South Korea scandal shines light on corporate, government nexus

November 6, 2016 9:57 PM EST

The logo of POSCO is seen at the company's headquarters in Seoul, South Korea, July 20, 2016. REUTERS/Kim Hong-Ji/File Photo


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By Ju-min Park and Hyunjoo Jin

SEOUL (Reuters) - Returning from a board meeting of South Korean steel giant POSCO last November, director Bahk Byong-won said he was "dumbfounded" at a decision made there to donate 3 billion won ($2.61 million) to a recently set up non-profit foundation.

Bahk said he did not vote against the proposal because he "was told" it had to be approved, according to a transcript of comments he made at a separate closed-door meeting later that day at the Arts Council Korea. He did not specify who told him.

"I was not able to vote against it," Bahk was quoted as saying in the transcript, which was read out by an opposition lawmaker in parliament last month, and was confirmed to be accurate by the Arts Council Korea.

Prosecutors are now investigating people close to President Park Geun-hye in an influence-peddling case that has transfixed South Korea. An old friend of the president has been charged with abuse of power and fraud while a former aide has been charged with abuse of power and extortion after they helped raise 77.4 billion won ($67.75 million) from dozens of the country's biggest corporate groups on behalf of the two foundations.

Park has said she has not personally benefited but tens of thousands of people marched through Seoul on Saturday, demanding she quit.

Bahk's comments also shed light on the cozy ties between the government and South Korean conglomerates, known as "chaebol", that have dominated the country's economy for decades.

Bahk, who heads the Korea Employers Federation, a major business lobby group, said the government appeared to have "twisted the ankles" of the chaebol, pressuring them to provide large sums of money for the Mir foundation, set up to promote cultural exchanges with other countries.

Asked by Reuters if the transcript of his remarks was accurate, Bahk did not answer directly, and declined further comment.

The Federation of Korean Industries (FKI), which represents the country's biggest businesses and runs Mir, declined comment on Bahk's remarks. POSCO also declined comment.

In the 1980s, the Kukje Group, a conglomerate, refused to make charitable contributions to then-president Chun Doo-hwan's Ilhae Foundation, according to several media reports at the time.

Chun subsequently ordered the country's main bank to deny loans to the group, forcing it into bankruptcy, which the country's highest court later ruled was an infringement of Kukje's rights.

GOVERNMENT SUPPORT

The two foundations that figure in the current case, Mir, or "dragon", and K-Sports, involved in sports-related projects, are both run by the FKI business grouping. They have been given a vote of confidence by Park.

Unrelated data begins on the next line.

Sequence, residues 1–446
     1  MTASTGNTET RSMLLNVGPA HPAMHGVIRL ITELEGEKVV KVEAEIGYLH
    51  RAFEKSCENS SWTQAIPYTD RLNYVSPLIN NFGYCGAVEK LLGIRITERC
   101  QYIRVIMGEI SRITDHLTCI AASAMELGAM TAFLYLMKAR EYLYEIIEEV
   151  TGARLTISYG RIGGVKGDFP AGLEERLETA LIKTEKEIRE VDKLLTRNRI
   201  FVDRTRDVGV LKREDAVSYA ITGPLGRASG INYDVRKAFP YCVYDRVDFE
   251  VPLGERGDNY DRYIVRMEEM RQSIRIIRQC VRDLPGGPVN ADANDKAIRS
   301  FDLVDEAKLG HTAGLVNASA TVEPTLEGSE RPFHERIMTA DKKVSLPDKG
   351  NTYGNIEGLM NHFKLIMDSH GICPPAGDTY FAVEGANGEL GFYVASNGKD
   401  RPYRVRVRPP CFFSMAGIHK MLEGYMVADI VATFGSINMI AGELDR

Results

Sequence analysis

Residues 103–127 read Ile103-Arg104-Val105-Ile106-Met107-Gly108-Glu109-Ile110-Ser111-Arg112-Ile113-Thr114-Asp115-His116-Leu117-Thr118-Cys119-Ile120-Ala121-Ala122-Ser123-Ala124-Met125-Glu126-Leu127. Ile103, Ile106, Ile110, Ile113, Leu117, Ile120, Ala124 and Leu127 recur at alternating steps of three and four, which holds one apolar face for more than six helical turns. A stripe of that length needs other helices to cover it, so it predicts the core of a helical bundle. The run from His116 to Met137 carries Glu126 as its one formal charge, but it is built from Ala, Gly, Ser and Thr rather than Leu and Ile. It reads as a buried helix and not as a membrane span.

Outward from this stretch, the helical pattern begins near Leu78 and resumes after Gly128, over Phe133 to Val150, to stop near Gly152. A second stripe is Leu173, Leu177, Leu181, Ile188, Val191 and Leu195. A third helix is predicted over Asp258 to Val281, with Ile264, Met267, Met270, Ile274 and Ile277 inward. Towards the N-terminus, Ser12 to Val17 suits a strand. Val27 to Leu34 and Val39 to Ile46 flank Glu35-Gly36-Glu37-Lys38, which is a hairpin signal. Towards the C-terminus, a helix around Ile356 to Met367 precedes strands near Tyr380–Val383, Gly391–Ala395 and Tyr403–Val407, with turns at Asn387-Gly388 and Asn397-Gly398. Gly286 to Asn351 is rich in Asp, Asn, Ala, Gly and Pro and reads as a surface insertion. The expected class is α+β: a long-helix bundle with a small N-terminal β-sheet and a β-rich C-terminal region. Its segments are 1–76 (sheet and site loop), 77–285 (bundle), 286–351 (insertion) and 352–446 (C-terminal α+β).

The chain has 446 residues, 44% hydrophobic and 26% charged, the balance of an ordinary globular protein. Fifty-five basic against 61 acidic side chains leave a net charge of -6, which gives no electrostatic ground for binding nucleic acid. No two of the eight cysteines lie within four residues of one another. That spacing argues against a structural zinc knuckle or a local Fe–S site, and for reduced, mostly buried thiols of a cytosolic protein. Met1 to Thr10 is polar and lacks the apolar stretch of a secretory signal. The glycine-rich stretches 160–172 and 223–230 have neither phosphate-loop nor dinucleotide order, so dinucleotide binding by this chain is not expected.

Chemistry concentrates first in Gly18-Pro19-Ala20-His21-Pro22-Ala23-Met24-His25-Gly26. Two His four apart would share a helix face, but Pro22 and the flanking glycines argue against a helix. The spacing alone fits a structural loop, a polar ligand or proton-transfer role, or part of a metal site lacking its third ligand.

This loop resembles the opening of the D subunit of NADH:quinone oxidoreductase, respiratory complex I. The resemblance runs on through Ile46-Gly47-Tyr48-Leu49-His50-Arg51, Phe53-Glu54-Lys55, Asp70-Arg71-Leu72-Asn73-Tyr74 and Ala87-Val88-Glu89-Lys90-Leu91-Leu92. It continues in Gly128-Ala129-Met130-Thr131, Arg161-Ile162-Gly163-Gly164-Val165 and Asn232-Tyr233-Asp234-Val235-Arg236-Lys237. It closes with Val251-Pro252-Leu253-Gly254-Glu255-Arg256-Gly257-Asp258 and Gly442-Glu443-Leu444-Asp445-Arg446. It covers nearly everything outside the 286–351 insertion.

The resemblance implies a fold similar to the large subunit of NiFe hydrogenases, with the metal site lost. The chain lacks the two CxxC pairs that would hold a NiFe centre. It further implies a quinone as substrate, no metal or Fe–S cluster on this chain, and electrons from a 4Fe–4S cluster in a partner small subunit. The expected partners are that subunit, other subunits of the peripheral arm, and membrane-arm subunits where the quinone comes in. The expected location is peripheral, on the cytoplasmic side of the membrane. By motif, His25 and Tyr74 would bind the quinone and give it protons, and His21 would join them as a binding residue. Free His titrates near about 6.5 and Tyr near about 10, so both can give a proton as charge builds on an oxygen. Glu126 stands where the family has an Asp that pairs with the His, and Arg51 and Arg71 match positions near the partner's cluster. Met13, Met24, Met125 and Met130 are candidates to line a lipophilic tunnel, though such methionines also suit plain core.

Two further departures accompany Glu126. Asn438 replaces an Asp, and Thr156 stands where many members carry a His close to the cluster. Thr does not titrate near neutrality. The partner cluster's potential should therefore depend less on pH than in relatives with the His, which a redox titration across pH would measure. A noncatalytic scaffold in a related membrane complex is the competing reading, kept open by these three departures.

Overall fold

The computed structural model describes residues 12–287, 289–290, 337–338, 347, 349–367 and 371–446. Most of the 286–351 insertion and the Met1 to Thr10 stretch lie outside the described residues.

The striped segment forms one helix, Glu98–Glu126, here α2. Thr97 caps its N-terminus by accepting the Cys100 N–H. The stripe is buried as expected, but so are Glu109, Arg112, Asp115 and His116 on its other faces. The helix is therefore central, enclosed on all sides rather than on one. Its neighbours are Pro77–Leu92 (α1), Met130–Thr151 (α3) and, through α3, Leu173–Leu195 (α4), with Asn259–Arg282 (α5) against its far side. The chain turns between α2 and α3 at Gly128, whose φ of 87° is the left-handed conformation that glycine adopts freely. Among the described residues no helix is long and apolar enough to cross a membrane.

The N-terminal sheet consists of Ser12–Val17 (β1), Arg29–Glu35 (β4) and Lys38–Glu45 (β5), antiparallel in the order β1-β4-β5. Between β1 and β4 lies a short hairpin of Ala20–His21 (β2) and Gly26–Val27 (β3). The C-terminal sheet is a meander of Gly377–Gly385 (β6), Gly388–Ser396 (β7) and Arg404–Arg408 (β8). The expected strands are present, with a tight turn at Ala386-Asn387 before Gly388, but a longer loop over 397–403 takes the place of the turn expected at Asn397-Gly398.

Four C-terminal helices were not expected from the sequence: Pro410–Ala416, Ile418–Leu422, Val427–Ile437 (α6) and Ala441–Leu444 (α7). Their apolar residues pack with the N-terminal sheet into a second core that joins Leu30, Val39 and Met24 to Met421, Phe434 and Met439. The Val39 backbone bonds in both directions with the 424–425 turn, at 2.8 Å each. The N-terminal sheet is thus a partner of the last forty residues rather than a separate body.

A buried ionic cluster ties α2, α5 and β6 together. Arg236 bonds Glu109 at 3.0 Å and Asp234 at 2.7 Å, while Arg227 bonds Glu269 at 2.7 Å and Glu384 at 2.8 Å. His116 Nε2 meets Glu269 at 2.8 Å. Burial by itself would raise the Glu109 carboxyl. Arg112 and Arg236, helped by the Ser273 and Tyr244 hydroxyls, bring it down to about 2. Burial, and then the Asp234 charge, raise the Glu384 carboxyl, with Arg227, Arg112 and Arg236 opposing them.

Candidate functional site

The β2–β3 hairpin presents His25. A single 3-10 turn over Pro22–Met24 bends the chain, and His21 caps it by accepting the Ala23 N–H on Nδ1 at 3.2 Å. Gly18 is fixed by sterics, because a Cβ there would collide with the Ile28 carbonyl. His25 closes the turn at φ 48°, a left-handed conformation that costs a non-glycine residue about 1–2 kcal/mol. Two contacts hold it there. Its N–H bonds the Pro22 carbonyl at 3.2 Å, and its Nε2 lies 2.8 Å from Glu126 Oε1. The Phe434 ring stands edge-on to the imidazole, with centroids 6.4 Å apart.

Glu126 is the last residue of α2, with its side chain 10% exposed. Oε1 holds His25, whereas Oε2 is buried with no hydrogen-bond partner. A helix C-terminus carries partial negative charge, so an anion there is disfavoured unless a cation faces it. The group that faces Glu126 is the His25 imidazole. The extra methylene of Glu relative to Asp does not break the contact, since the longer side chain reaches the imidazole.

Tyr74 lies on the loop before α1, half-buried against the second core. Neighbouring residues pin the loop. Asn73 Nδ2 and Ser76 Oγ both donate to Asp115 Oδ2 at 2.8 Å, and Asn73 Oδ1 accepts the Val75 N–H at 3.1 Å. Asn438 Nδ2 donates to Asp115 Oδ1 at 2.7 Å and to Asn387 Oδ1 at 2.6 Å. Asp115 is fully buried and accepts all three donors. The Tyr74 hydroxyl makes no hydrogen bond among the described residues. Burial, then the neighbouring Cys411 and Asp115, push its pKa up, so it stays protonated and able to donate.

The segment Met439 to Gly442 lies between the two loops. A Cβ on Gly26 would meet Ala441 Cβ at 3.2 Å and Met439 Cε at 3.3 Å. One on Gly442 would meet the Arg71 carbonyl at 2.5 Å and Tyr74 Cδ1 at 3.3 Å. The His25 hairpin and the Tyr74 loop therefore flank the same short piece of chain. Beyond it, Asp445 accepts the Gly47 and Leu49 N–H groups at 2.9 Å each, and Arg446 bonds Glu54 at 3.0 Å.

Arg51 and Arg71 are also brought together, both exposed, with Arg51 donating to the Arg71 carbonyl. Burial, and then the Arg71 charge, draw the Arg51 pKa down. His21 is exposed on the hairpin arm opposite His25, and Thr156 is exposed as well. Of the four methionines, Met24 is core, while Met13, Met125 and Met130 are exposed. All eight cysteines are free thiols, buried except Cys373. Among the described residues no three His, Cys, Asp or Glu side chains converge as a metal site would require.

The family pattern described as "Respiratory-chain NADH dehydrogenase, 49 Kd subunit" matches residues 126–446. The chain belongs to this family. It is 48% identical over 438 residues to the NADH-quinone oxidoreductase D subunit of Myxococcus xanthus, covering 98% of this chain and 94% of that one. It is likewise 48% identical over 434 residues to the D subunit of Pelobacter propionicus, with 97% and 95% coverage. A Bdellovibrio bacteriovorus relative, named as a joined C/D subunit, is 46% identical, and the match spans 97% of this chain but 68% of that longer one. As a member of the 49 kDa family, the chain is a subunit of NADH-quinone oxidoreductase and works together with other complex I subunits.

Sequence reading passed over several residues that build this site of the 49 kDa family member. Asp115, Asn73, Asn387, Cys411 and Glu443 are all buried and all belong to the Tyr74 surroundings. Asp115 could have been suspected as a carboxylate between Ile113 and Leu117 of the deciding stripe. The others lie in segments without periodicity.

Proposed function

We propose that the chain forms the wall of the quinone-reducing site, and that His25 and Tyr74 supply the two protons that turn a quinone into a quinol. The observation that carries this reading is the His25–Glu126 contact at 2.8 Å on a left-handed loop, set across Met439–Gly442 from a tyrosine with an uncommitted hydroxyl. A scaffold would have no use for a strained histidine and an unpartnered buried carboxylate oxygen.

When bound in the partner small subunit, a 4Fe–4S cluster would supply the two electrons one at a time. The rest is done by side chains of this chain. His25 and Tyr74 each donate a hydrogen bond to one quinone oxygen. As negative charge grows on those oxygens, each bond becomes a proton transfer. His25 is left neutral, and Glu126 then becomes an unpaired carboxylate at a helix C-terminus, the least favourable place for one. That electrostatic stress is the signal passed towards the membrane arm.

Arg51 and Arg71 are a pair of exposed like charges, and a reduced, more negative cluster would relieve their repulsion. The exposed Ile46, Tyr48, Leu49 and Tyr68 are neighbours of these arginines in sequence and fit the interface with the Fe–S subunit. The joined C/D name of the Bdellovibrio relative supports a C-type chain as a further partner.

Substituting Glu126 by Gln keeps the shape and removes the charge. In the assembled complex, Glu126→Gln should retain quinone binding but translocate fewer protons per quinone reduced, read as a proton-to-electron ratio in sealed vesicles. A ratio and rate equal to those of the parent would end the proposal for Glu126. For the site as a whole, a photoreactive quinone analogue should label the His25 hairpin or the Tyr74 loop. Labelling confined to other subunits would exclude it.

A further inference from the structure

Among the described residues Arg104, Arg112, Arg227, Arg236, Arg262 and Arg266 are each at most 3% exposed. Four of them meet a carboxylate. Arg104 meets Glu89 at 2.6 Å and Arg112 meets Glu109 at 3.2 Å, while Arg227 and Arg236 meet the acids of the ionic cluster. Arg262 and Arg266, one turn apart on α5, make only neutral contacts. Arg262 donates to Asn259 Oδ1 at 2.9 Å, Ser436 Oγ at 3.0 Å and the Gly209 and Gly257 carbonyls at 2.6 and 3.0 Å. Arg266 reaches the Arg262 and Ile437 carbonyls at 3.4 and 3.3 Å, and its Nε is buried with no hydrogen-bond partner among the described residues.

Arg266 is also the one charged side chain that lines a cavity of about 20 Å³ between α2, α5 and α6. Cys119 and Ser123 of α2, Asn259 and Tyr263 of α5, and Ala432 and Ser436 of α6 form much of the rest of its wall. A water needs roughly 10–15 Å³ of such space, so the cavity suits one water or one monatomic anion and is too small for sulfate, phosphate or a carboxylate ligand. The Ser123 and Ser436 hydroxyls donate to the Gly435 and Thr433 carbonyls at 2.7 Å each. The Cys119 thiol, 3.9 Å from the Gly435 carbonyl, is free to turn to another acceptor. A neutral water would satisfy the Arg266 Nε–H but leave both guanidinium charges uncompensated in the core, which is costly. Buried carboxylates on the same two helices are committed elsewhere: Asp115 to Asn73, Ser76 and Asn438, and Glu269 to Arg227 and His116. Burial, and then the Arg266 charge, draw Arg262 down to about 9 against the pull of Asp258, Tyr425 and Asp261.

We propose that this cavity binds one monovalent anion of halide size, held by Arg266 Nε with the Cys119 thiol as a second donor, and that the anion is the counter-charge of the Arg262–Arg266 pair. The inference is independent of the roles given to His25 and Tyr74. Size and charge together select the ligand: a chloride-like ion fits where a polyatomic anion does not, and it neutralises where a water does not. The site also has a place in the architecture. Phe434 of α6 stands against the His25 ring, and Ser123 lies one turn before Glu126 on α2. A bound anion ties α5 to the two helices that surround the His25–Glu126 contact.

"My understanding is the nature of the two foundations is that companies have agreed to set them up to support the area of culture and sports," Park said last month. She said she had asked business leaders in February last year to expand investments in culture and sports and was grateful they had responded.

Mir was set up in October last year and K-Sports in January.

A prosecution source said that when the former presidential aide An was raising funds, he made clear that a "VIP" was interested in the projects and that the fundraising was for a good cause.

The source, who declined to be identified because the matter is under investigation, said the VIP was Park.

In remarks to senior advisers that her office later released to media, Park said: "The foundations are said to have been set up for my post-retirement but it is not true. If suspicions about such meaningful projects spread and personal attacks keep happening, it will throw cold water over the companies' pure will to contribute."

Officials from several chaebol that include the country's biggest corporates have been questioned in the case although none of the groups have been accused of any wrongdoing.

Among those questioned were an executive at Samsung, which donated a total of 20.4 billion won to the two foundations, the most of any conglomerate, as well as executives from the SK and Lotte groups, the senior prosecution official said.

The investigators plan to summon executives from other groups that contributed to the foundations, said the official, declining to be identified because the investigation was ongoing.

A Samsung Group spokeswoman could not confirm whether the official was questioned by prosecutors but said Samsung will fully cooperate with the investigation. Lotte Group said two group executives were questioned last weekend but declined to provide further comment as the prosecutors' probe is still underway.

An SK Group official said a group executive was questioned as a witness regarding allegations that the conglomerate was forced to give donations but declined to provide further details.

Chung Sun-sup, CEO of research firm Chaebul.com, said the latest scandal suggests that South Korea still had an "imperial" presidential system.

"We still live in an era where if a president says a word, the chaebol line up," Chung said.

(Editing by Tony Munroe and Raju Gopalakrishnan)



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